Forty years later, the organizers of the Beijing Games have brought Akhwari, now in his seventies, back into the spotlight. (Let's take it as given that he has not been replaced with a more photogenic, computer-generated nine-year-old Han Chinese girl.) Akhwari visited China over the New Year: he toured the Bird's Nest construction site, visited an elementary school and was even the subject of a music video:



And in April he ran in the torch relay when it passed through his home country of Tanzania. China's certainly earned its share of criticism for these Games, but embracing Akhwari -- even insofar as it means using him and what he represents propagandistically -- is a class act.

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Morning Results for Saturday, August 16

Athletics: The just wrapped up; Turkey's Recep ?elik, 25, finished 49th with a time of 1:32:54, which was 13:53 behind the gold medallist. There were two disqualifications.

Swimming: Heats for this morning events were run on Thursday. 17-year-old Christin Zenner of Germany finished last in the second heat of the women's 200-metre backstroke; her time was 2:20.28, just over 15 seconds slower that the gold medallist's final time. There was one DNS. In the men's 100-metre butterfly, Marco Camargo of Ecuador, 19, had the slowest heat time in heat one: his time of 57.48 was just over seven seconds slower than some freak's gold medal time. There was one DNS in the heats here, too. Next, the women's 800-metre freestyle: in heat one, 16-year-old Polish swimmer Karolina Paulina Szczepaniak -- this is why I don't do a podcast -- put in what appears to be a rather slow time of 9:08.87; the gold medal time in the final was 8:14.10. Another DNS in the heats here, too. And finally, the men's 50-metre freestyle, which was an event designated for wild card entries, only one of whom could finish last. The slowest time came in heat two from Stany Kempompo Ngangola, 34, representing the Democratic Republic of Congo (the one that used to be Zaire). His time of 35.19 seconds was 13.89 seconds behind the gold medallist's time of 21.3 seconds in the final.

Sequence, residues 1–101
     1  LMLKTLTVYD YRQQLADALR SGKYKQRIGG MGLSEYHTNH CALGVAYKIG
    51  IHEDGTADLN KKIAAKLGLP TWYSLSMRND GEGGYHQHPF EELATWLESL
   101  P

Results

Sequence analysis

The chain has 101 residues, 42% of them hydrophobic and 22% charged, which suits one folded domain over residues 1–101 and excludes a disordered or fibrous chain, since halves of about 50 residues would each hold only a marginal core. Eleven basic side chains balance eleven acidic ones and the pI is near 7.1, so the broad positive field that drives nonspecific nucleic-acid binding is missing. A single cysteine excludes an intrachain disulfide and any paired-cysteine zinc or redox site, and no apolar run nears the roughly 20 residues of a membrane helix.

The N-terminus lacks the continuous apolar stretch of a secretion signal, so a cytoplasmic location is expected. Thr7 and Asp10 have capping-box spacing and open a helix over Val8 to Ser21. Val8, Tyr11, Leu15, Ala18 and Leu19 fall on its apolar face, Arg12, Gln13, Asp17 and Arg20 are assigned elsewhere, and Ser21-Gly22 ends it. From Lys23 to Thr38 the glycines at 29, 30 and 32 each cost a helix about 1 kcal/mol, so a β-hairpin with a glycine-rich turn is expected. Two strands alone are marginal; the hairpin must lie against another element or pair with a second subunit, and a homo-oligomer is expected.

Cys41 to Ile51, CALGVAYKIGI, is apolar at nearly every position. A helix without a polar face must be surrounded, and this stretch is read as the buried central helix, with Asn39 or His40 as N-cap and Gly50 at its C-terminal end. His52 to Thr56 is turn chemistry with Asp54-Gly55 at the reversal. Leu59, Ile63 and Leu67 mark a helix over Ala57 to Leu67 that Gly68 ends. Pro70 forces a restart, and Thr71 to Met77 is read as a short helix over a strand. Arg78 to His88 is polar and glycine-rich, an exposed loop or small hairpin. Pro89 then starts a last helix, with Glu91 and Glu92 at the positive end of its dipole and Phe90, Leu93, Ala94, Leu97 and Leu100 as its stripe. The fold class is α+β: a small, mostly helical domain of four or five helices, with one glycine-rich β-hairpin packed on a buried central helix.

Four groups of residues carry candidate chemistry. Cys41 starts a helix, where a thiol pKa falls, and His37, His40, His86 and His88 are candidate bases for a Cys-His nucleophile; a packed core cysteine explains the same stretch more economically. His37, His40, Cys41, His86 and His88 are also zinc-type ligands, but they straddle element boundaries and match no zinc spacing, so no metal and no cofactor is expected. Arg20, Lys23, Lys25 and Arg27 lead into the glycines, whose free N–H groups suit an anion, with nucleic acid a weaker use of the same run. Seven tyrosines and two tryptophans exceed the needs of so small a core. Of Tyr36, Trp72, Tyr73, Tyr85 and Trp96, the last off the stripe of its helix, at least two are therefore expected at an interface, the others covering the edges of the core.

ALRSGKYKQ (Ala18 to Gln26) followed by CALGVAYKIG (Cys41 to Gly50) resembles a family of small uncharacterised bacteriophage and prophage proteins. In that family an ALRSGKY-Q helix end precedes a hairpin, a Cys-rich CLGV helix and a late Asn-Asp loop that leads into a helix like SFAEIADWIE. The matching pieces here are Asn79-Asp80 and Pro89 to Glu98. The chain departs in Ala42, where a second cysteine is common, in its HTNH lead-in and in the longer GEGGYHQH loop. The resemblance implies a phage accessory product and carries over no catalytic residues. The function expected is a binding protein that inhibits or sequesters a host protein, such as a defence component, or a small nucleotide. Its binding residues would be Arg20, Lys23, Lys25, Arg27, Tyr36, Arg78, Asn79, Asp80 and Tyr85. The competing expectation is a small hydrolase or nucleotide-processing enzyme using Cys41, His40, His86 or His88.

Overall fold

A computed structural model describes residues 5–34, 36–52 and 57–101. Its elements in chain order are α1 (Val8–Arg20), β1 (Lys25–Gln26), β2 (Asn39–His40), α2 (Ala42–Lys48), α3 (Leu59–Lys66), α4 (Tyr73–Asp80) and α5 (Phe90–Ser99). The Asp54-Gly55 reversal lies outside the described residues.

Mr. Kempompo Ngangola runs a real risk of being anointed the next Eric the Eel by the media. A slow swim from a competitor representing a country in equatorial Africa -- the ostensible parallels are all too obvious. I'll hazard a guess and say that his story will be nothing like Moussambani's, but that won't stop anyone from trying. I only have the numbers at the moment, but let me use what little information I have to place his result in some kind of context. The 50-metre event, as I said, had a number of participants there because of a wild card draw; any one of them could have finished last. Mr. Kempompo Ngangola's heat was particularly slow: all but one had a time of more than 30 seconds. His performance, in other words, was not singularly awful.

What I'm trying to say is this: the first patronizing story I see about this event, watch out.

Standings to date: Poland and Germany each add their third DFLs, moving them into fourth and seventh place, respectively.